good essay on Fear & Gentrification

"And then there was the neighbor across the street, a white man whom my husband met while I was swimming. He told my husband that he had lived here for twenty years, and asked how we liked it. “Oh, we love it,” my husband said. “We’ve been enjoying Clark Street.” The tone of the conversation shifted with the mention of Clark Street, our closest shopping street, which is lined with taquerias and Mexican groceries. “Well,” the man said, in obvious disapproval, “we’re pioneers here.”

The word pioneer betrays a disturbing willingness to repeat the worst mistake of the pioneers of the American West—the mistake of considering an inhabited place uninhabited. To imagine oneself as a pioneer in a place as densely populated as Chicago is either to deny the existence of your neighbors or to cast them as natives who must be displaced. Either way, it is a hostile fantasy..."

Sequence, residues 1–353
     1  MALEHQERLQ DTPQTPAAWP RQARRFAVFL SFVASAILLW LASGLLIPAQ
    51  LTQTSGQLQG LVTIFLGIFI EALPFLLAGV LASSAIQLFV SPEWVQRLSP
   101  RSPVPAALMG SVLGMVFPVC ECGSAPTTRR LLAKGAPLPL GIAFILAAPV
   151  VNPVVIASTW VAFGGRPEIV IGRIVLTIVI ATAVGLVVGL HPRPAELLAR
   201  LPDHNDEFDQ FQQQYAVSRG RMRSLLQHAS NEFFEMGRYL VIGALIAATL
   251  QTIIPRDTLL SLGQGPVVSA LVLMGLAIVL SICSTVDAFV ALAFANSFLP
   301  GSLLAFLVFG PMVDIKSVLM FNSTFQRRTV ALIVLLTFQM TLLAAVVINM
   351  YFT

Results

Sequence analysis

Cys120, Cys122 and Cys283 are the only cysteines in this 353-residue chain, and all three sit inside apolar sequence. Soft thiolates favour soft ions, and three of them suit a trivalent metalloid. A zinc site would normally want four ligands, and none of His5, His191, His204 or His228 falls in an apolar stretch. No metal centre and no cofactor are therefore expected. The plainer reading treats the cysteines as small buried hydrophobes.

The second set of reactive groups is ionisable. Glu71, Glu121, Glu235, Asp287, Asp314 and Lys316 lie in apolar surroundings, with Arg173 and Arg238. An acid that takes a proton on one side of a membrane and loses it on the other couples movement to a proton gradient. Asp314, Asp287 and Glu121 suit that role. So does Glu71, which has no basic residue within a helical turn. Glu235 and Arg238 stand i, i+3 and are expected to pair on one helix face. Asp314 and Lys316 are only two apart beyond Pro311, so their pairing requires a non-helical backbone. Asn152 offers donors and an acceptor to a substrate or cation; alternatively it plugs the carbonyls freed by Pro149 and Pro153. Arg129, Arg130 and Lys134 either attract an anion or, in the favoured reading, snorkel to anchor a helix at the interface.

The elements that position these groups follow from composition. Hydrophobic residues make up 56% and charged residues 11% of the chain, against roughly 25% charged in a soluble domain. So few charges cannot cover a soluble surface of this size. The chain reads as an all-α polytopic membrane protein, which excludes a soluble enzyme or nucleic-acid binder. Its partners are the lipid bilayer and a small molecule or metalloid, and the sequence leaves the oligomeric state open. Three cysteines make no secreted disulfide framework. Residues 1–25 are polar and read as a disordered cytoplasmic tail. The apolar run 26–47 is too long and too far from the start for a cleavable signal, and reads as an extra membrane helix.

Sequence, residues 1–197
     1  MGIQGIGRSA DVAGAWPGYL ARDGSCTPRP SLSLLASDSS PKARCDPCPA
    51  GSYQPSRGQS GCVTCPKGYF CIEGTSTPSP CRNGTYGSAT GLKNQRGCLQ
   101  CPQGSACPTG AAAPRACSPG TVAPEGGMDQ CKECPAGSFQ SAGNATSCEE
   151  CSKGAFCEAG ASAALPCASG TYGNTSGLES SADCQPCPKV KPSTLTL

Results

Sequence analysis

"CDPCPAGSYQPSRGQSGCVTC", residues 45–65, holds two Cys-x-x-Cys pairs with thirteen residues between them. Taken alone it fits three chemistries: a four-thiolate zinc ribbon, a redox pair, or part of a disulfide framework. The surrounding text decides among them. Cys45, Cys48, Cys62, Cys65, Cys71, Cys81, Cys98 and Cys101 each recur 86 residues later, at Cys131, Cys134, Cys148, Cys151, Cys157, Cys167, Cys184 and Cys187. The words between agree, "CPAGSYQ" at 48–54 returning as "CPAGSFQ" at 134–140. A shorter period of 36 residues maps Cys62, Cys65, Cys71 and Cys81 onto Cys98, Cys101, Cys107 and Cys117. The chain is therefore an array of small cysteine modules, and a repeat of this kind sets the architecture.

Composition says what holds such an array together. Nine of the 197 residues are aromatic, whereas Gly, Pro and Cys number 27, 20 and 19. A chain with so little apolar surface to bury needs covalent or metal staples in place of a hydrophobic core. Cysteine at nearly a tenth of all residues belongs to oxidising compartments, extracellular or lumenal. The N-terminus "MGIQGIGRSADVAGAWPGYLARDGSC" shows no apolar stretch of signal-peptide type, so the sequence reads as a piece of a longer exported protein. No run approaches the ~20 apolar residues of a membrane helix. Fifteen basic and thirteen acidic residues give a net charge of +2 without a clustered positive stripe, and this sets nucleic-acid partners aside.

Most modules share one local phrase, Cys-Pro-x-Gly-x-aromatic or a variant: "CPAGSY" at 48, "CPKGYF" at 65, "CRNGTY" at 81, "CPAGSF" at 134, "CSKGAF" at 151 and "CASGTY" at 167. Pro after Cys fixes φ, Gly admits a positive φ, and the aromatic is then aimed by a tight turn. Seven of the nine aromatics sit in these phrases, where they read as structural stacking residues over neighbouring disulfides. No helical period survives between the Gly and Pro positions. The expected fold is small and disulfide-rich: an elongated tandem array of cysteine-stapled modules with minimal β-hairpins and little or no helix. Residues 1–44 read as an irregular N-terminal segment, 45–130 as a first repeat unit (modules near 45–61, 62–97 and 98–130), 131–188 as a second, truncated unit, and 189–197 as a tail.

Washington Phillips - The Key to the Kingdom

"Washington Phillips is like the painter Fra Angelico, whose humility separates his paintings from every other renaissance artist. He crafts small, unassuming gems which hold an authority born of wonder, honesty, and a devotional attention to detail. Both artists do what medieval churches do: they make me want to believe in a simple, holy glory upon which I can rest my burden and be lifted up. This music is not about salvation; it is salvation..."